Amid political tension, Vagina Monologues succesfully showcase in Uganda

03:08 by Kaggwa Andrew

The very first time someone attempted to produce a show called Vagina Monologues, they were meant with a lot of resistance from the authorities.
That was 2005, the production was meant to be showcased at the National Theatre and Information Minister Nsaba Buturo said the play had been deemed offensive and vulgar and thus would corrupt public morals if performed in Uganda.
“As government, we have agreed that this play should not be staged in the country because the language used is offensive, vulgar and not according to the country’s culture,” he told Mail & Guardian in 2005.
While all political and executive arms of our government went to slumber after winning an election, when all the necessary offices were fatigued, the Vagina Monologues somehow found their way back to our dusty streets last week at Gothe Zentrum.
Apparently, every year, Eve Ensler, the author gives anyone in the world rights to reproduce the monologues for free, as long as their proceedings go to an organization that benefits women.
The weekend shows were benefitting Mifumi, an international non-government women rights organization whose work revolves around protection of women and children experiencing violence and other forms of abuse.
And literally, that’s what the Vagina Monologues is based on several hundred interviews with women around the world. It celebrates female sexuality and focuses on the abuses women in different relationships suffer.
Ensler wrote the Vagina Monologues in the 1990s, though, through the times they’ve been performed in over 140 countries and more than 50 languages over the years, they’ve been retouched to fit the different societies, countries and era, for instance, while it was being performed last week, among some of the names listed for a woman’s anatomy were some Luganda lingual our parents never let us say as well as some coined ones from Katwe or Kalerwe like Desire Luzinda, wiwi, Kandahar and Ka Nyabo among others.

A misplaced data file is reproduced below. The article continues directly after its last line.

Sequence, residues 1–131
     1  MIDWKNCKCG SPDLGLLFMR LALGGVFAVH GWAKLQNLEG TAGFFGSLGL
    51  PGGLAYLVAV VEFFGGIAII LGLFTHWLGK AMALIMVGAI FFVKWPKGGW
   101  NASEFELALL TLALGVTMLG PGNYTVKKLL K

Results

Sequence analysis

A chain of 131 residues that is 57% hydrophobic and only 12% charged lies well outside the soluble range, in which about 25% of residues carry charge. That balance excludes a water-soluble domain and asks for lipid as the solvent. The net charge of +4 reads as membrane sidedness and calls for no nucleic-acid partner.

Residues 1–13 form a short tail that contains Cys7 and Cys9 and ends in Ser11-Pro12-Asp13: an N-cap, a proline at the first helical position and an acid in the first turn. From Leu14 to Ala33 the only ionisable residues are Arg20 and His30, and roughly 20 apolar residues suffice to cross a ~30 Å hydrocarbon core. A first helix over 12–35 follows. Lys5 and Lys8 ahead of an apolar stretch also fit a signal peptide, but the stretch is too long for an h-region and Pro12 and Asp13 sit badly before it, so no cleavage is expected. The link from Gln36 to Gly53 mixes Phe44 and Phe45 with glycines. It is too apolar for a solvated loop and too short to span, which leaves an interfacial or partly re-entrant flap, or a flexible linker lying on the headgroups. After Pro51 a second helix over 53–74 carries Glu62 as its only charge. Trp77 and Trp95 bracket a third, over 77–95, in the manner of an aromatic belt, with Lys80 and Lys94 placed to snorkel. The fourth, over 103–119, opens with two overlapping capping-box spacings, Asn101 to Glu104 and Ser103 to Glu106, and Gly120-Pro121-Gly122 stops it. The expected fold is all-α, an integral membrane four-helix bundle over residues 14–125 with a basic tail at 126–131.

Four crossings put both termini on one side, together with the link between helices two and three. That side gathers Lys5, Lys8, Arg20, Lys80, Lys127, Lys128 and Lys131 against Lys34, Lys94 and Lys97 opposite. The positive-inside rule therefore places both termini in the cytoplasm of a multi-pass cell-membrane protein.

It’s not the kind of play that you will get excited about because it barely runs like the traditional productions you and I may be used to – in fact, it’s merely activism, mostly feminism, explaining what it means to be a modern woman – the inequalities where they will be labeled sluts for wearing something short and revealing, an inequality where many women’s sexual satisfaction has to be sacrificed so as to please men.
But the Vagina Monologues, even when all the things they said about the production eleven years ago were aptly not right, it’s not an easy production to stomach especially in an African setting – yes, saying vagina is probably not vulgar but saying or listening to it being said over sixty times in a space of two hours is not the most comfortable thing.
Or, that troubling intro that had a group of women standing onstage and professing their love for their…you know what.
But the rest of the show is valid that you will question why the show was banned in the first place – it merely looks at a number of issues like rape, hygiene, child birth and hair among others, of course its hair down there.
Of course as the production goes on, at some point it ceases to be a play but turns into a crusade of women rights and how they must be treated right – it’s a change from the norm especially in Uganda where theatre is into more romantic dramas than social issues.


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